Knowledge, consciousness, and righteous outrage are my weapons.

Stretching, my mind and spirit are being pulled outward in every direction. Ocean size. To the nebulas. Far enough to hold the magnitude of abundance that is my life now. That is my love. Now.

Mind wide open. Heart on fire. Expanding, out and out and up and beyond, wide enough to hold all of the intensity and passion and pain and humanity and laughter and sex and joy and stories and stories and love and art.

 

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Celeste Gurevich grew up on the Central Oregon Coast and currently lives with her husband, Andrew, in Portland. After experiencing a trauma-induced decade-long writer’s block, she started taking writing and film classes at Mt. Hood Community College and experienced a literary rebirth. A Social Artist in training, her goal is to teach others about the transformative nature of sharing our stories with one another, and the collective healing that comes from revealing our deepest inner selves in community. Her work has appeared in: Perceptions: A Magazine for the Arts, The Manifest-Station Whatever Works: Feminists of Faith Speak, and The International Journal of Gender, Nature, and Transformation. She is currently a member of the Dangerous Writers workshop with Tom Spanbauer, and is working on her first book. Her website, celestegurevich.com went live just in time for Christmas. She can be reached via email at urbangoddess70@gmail.com.

 She met Jen Pastiloff at a writing workshop in Portland called The Writer’s Voice with Lidia Yuknavitch and Suzy Vitello.

 Jen Pastiloff will be in Vancouver (Jan 17) and London (feb 14th) next with her Manifestation Workshop: On Being Human. Click here.
Jen Pastiloff is the founder of The Manifest-Station. Join her in Tuscany for her annual Manifestation Retreat. Click the Tuscan hills above. No yoga experience required. Only requirement: Just be a human being.

Jen Pastiloff is the founder of The Manifest-Station. Join her in Tuscany for her annual Manifestation Retreat. Click the Tuscan hills above. No yoga experience required. Only requirement: Just be a human being.

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Guest Posts, Inspiration, Q & A Series

Guest Post by Christy Turlington. The Manifestation Q&A Series.

December 22, 2011

Welcome to The Manifestation Q&A. I am Jennifer Pastiloff and this series is designed to introduce the world to someone I find incredible. Someone who is manifesting their dreams on a daily basis.

Today’s guest is Christy Turlington, my fellow Positively Positive contributor. What blows me away the most about Christy is not her external beauty, as you would assume. That’s a given. It is her mind-blowing internal beauty that humbles me and makes me want to be a better person.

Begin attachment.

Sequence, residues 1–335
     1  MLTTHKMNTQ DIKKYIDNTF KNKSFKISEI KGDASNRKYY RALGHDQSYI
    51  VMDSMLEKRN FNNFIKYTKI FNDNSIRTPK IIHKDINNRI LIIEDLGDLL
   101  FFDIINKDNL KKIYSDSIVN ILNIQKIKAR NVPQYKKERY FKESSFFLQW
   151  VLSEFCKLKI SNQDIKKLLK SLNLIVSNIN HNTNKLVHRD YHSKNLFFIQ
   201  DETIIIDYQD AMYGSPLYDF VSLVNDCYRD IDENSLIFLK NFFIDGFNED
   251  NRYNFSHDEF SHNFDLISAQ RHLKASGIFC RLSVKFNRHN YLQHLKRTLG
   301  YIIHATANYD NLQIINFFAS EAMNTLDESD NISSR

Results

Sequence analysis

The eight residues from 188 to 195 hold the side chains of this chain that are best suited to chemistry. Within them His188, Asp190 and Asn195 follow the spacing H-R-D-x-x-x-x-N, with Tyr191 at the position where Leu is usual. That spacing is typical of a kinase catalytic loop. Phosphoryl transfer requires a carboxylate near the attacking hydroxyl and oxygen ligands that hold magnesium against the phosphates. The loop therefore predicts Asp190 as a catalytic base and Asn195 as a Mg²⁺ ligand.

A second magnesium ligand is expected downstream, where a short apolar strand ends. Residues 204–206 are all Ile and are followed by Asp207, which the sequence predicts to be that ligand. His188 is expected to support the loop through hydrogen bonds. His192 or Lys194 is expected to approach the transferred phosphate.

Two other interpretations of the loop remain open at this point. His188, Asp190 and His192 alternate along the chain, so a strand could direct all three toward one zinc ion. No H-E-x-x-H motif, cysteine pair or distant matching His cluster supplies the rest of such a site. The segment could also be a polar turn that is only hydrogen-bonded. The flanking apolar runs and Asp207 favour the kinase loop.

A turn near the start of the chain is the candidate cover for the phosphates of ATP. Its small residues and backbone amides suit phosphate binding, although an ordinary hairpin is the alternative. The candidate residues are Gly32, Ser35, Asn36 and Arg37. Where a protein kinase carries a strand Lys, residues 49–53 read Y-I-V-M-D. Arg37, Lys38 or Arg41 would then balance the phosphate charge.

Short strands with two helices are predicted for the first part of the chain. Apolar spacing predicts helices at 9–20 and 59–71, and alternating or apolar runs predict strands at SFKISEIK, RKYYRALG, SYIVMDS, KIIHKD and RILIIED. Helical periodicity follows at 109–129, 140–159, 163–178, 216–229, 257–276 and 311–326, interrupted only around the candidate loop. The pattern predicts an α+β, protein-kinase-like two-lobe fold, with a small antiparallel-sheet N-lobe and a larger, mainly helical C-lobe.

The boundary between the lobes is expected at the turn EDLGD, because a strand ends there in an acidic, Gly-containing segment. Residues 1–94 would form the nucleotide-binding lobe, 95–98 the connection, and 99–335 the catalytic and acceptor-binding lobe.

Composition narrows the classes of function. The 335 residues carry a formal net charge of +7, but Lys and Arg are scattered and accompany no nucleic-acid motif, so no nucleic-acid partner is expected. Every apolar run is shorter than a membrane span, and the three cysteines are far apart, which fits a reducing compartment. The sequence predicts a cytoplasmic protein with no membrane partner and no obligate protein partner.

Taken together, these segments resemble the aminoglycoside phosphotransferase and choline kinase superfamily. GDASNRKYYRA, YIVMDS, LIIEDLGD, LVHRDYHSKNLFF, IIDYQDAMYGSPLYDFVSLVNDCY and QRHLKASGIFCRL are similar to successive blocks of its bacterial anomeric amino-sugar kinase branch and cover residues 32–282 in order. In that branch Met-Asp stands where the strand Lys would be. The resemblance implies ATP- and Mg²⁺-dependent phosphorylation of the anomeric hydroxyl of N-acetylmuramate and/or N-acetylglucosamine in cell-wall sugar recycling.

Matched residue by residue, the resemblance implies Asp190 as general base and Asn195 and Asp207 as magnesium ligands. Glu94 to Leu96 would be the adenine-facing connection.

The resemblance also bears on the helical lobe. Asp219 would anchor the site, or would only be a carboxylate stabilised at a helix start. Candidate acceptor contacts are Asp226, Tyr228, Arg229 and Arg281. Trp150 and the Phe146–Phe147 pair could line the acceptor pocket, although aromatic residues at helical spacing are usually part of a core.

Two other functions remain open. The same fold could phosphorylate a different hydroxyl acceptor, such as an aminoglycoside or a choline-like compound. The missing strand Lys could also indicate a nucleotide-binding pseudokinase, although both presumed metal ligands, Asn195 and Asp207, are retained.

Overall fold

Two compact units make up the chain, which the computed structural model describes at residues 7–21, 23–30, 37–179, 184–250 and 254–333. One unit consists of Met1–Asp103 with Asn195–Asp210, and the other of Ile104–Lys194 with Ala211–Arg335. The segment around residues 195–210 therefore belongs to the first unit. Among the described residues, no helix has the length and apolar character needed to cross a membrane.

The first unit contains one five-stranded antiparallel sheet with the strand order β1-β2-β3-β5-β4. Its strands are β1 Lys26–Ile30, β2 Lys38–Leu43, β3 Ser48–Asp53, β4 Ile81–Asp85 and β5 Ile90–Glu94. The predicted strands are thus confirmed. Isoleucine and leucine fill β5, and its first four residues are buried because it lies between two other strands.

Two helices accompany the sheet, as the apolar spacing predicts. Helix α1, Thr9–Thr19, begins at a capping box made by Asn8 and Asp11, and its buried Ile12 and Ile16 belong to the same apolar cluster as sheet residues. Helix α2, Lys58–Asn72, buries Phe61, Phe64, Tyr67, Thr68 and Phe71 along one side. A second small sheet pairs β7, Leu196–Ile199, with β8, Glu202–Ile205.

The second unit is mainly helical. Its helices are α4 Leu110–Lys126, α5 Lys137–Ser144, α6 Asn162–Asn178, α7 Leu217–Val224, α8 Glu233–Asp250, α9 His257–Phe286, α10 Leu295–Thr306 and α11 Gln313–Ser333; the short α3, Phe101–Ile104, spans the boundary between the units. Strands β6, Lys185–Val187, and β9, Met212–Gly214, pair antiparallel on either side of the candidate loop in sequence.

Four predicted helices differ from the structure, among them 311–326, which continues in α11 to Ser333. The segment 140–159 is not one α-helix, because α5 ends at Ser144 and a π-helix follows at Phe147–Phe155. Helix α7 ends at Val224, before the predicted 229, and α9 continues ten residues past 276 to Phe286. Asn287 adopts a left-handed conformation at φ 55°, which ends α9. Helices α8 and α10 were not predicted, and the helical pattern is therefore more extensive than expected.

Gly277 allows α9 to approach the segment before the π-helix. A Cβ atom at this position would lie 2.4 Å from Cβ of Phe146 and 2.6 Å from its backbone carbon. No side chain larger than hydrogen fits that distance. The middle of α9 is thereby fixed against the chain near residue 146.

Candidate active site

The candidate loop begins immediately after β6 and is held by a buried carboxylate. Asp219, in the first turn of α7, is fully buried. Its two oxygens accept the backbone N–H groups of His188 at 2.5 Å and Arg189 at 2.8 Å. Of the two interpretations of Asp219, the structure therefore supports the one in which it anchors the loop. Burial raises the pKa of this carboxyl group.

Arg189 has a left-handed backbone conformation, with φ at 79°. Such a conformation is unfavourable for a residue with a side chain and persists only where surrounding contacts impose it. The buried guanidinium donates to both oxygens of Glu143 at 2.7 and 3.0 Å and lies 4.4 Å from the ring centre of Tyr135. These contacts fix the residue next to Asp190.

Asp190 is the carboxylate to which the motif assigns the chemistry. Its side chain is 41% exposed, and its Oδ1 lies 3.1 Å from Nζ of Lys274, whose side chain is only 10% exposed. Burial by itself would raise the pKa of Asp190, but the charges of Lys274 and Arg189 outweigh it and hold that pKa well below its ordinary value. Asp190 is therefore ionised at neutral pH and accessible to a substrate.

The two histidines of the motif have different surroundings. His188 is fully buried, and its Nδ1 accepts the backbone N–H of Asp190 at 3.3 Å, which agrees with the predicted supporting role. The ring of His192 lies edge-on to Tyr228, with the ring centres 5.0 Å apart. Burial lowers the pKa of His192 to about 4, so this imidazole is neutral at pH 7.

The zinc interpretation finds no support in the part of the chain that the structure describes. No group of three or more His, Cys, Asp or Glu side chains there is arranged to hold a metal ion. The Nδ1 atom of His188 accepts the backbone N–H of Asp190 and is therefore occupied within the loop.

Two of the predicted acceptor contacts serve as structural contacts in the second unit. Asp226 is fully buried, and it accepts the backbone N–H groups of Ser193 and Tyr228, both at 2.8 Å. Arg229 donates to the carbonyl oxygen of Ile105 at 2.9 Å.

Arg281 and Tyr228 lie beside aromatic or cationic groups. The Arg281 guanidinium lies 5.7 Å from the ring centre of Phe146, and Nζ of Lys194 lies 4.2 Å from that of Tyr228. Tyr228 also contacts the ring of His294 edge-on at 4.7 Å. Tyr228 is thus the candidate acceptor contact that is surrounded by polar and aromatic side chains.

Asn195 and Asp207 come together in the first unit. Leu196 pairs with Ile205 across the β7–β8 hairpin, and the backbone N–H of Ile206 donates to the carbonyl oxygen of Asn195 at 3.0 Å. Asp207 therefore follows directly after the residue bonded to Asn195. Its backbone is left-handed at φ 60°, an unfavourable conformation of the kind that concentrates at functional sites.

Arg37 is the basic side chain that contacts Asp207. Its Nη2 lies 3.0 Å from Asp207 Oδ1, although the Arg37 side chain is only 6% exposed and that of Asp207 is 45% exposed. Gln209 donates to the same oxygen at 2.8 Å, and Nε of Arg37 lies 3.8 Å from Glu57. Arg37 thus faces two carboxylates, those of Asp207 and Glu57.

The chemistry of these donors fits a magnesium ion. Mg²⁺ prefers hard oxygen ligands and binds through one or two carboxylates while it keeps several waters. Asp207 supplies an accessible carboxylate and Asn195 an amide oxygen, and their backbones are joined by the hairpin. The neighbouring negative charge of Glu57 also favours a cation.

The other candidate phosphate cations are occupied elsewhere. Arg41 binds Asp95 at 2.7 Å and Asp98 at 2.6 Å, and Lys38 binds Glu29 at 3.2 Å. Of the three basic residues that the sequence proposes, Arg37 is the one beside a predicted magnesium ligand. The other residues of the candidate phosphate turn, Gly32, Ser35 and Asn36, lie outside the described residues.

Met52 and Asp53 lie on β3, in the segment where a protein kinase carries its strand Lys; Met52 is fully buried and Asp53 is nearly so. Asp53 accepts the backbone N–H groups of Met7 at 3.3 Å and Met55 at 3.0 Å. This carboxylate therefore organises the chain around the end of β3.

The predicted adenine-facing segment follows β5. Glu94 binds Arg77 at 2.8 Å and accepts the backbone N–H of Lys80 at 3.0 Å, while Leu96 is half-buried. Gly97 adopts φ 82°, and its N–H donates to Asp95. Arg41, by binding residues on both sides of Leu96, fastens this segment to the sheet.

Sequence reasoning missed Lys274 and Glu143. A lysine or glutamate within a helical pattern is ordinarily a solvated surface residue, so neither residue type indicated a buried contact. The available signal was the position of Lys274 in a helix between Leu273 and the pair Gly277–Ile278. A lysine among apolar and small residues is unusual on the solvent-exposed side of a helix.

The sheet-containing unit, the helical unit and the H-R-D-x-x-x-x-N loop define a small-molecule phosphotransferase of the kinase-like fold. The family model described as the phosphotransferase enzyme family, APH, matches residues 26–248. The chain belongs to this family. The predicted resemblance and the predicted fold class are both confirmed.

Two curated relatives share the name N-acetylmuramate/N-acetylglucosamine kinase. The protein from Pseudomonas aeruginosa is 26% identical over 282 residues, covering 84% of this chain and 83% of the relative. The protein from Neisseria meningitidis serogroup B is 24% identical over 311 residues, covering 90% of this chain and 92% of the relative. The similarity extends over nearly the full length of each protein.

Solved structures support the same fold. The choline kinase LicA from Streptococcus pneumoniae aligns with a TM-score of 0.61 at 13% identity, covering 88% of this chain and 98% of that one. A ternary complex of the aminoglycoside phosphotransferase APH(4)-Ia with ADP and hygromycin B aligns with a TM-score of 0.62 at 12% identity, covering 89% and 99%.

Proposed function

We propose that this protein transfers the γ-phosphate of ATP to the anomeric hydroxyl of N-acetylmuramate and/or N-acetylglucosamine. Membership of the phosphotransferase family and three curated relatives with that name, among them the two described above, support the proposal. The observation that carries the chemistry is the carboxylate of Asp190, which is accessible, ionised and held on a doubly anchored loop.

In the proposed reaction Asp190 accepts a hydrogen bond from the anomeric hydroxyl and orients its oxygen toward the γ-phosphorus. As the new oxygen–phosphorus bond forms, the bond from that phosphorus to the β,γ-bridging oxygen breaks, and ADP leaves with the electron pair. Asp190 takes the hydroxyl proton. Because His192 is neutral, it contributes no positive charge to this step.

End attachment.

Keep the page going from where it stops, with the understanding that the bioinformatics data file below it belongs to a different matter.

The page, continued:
Christy directing “No Woman, No Cry”

She has grace and kindness like no one else I know.

Her dedication to seva, to giving back, and to her family, continues to inspire me on a daily basis. I wanted to share her with you not just because she is a yogi, but because of the incredible work she is doing. She has created a foundation called Every Mother Counts. EMC is a five-year outreach campaign she founded in 2010 that is dedicated to improving maternal health and reducing maternal mortality around the world by engaging the public, raising awareness and driving action.

Recently, Christy completed a documentary film titled “No Woman, No Cry”. From her Every Mother Counts website she says, “I hope that by bringing people together through the universal experience of birth, we can help create a mainstream maternal health movement that ensures the lives and well-being of mothers worldwide, for generations to come.”

I surround myself with people who live a life I admire and who lead by example. Enter Christy Turlington.

She is a divine source of inspiration and love for me and I hope that you will perhaps get to know her in a new light as well as learning about Every Mother Counts.

Jennifer Pastiloff: What are you the most proud to have Manifested in your life?

Christy Turlington: My family.

Jennifer Pastiloff: What was the most challenging aspect of making your inspiring short film ” No Woman, No Cry?” The most inspiring? Where can we see the film?

Christy Turlington: “No Woman, No Cry” is a feature length film. I decided to make this film after visiting an inspiring maternal health partnership in Peru in 2007 where they brought down maternal death in half in five years using really low cost solutions in low resource settings. Oce I saw how they were able to do this, I knew it was possible to make a bigger impact in other parts of the world. My film is the result of a personal journey which started after I delivered my daughter Grace and experienced a childbirth related complication that often leads to death. The movie premiered at the Tribeca Film Festival in 2010 and made its television debut on the Oprah Winfrey Network last Mother’s Day. It is now available on dvd too, as of last week, on everymothercounts.org.

Jennifer Pastiloff: I am fascinated by your commitment to maternal health. How was Every Mother Counts manifested into being? What was it that said to you ” This is what I must do. This is my calling.” How was EMC born?